v.tangent = ( - float3(0.5, 0.5, 0.5)) * 2.0
v.bitangent = cross(v.normal, v.tangent) * ((tangent.w - 0.5) * 2.0)
v.texcoord = texcoord
return v
function fetch_skinned_vertex()
local v = fetch_mesh_vertex()
v.bone_indices = fetch_int4("bone_indices")
v.bone_weights = fetch_float4("bone_weights")
return v
function vs(skinning)
local v
if skinning then
v = fetch_skinned_vertex()
v = skin_transform(v)
v = fetch_mesh_vertex()
out.sv_position = transform_vec(v.position, mvp_matrix)
out.texcoord = v.texcoord
function ps()
local texcoord = fetch_float2("texcoord")
out.color = tex_sample(diffuse_map, diffuse_sampler, texcoord)
return {
static_mesh = link_shader(compile_vs(vs, false), compile_ps(ps)),
skinned_mesh = link_shader(compile_vs(vs, true), compile_ps(ps)),

The shader compiler is written in Lua. The compiler is a Lua environment with overloaded math operators, type constructors and intrinsics loaded in. The shader code is executed in this environment which generates the output shader code in one pass. Currently the compiler has backends for HLSL and GLSL, less than 200 lines of Lua code each. The compiler itself is around 2300 lines including function library for intrinsics. The most complex part of the compiler is typechecker with does full typechecking for function and operator args so that if there is an error I get a Lua stacktrace with line numbers pointing to the original Lua shader code instead of some confusing errors in the generated HLSL/GLSL code.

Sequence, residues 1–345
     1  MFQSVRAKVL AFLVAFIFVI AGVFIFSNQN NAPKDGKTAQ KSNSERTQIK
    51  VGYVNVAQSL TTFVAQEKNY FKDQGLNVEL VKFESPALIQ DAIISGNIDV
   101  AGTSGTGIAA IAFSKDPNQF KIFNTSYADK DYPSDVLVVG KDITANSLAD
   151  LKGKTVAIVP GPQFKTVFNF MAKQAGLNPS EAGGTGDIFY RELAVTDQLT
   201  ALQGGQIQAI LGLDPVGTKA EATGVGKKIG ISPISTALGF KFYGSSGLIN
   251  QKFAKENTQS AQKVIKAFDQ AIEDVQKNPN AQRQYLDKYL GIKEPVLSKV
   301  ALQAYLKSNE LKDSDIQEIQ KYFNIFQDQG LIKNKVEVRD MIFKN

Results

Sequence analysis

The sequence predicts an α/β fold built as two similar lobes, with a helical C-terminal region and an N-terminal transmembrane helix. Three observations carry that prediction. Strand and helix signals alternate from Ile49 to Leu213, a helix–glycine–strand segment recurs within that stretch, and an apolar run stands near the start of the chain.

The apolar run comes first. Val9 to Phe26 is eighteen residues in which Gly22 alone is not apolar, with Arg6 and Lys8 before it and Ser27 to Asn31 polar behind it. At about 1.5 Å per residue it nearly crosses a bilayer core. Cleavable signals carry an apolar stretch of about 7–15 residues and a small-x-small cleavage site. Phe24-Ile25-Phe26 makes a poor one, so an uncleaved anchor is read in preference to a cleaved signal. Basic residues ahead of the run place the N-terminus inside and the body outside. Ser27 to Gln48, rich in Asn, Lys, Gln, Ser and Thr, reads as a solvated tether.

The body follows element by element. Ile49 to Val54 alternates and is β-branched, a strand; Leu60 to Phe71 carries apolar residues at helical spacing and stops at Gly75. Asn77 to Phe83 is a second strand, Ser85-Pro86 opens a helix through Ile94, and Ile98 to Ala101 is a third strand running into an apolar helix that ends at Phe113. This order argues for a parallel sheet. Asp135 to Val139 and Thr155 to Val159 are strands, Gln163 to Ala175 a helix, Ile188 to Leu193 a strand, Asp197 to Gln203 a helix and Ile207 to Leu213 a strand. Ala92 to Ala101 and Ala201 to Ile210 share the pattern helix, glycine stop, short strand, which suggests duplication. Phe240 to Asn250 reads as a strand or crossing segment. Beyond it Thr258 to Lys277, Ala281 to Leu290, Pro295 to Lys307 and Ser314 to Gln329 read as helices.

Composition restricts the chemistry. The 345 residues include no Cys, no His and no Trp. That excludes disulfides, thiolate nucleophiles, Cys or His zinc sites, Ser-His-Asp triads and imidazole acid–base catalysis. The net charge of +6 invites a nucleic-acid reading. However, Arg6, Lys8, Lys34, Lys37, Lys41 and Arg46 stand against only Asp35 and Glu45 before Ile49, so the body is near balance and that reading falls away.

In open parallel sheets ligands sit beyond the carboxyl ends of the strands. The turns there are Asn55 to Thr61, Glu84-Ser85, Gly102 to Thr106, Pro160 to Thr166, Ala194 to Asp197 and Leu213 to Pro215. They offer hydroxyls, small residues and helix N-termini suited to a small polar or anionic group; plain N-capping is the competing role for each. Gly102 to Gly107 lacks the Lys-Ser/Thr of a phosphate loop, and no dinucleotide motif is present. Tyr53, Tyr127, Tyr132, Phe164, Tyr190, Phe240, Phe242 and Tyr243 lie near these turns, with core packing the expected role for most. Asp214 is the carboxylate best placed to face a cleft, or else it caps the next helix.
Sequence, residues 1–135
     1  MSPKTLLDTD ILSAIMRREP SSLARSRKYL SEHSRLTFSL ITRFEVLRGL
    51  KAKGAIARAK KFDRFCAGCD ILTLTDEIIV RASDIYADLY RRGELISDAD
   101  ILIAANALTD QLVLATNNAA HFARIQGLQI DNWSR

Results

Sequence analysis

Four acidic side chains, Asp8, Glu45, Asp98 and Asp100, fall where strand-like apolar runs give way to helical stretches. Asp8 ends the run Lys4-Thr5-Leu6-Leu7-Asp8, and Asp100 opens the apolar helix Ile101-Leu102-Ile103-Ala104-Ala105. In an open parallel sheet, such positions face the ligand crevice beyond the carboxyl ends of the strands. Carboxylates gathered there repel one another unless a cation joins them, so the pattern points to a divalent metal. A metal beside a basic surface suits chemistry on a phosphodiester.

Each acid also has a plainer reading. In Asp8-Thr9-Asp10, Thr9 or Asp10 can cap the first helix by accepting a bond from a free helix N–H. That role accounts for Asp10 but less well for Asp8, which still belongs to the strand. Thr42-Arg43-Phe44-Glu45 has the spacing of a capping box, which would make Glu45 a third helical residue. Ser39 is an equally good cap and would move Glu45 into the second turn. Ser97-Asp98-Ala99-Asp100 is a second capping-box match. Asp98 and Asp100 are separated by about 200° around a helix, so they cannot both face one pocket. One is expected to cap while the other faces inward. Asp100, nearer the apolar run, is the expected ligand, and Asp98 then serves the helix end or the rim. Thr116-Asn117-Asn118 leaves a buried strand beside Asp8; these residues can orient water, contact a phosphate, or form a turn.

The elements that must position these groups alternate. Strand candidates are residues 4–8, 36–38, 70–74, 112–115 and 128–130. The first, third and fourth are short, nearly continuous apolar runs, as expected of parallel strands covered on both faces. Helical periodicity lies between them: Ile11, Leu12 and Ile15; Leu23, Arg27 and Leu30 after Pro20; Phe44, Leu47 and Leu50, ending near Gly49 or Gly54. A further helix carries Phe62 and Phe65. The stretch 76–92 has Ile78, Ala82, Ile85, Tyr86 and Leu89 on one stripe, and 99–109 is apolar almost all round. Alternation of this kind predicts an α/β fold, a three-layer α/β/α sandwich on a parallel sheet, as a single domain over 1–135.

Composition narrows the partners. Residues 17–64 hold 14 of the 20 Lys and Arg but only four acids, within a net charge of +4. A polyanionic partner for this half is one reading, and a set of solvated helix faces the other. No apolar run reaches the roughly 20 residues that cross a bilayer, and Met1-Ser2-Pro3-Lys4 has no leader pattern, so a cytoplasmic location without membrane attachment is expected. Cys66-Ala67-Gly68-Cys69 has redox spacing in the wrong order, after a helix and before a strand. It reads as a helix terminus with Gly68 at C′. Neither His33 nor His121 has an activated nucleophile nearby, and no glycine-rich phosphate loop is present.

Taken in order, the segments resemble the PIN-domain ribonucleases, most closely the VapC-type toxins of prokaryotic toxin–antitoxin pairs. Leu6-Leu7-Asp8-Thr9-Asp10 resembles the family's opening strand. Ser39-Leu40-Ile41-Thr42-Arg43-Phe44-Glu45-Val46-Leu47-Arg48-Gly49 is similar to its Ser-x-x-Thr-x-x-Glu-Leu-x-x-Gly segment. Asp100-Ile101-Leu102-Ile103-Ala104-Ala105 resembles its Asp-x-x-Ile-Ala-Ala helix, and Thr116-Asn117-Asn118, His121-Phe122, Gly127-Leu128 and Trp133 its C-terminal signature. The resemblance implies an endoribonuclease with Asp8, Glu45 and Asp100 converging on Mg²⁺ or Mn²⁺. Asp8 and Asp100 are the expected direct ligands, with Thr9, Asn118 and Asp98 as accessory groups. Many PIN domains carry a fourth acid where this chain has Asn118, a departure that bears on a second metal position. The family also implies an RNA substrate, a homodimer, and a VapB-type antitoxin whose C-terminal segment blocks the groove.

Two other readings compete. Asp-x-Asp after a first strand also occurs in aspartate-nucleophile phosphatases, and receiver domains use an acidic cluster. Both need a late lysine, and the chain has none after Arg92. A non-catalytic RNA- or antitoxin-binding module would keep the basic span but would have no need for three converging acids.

Of course there are some drawbacks:

1. Because of dynamic typing you can't clearly see the types of variables by looking at the shader code. Personally this is not a big deal to me as I'm used to dynamic typing (I have written a lot of Lua code). I can always sprinkle the code with type assertions or use some form of Hungarian notation for variable names if I wanted.

2. Dynamic branching can't be expressed as Lua statements because Lua does not have a feature for overloading statement like syntax. The solution I'm currently using is to use functional (Lisp) style. For example, ifs are implemented using Lambdas like this: _if(expression, true-lambda, false-lambda). Lua has sensible scoping rules for variables and full support for lambdas so this is not that bad. A nicer C-like syntax would be possible by forking Lua codebase and adding some language extension but I haven't had time to look at this yet. Luckily the Lua interpreter code is well structured and very lightweight so making a language extension shouldn't be that hard.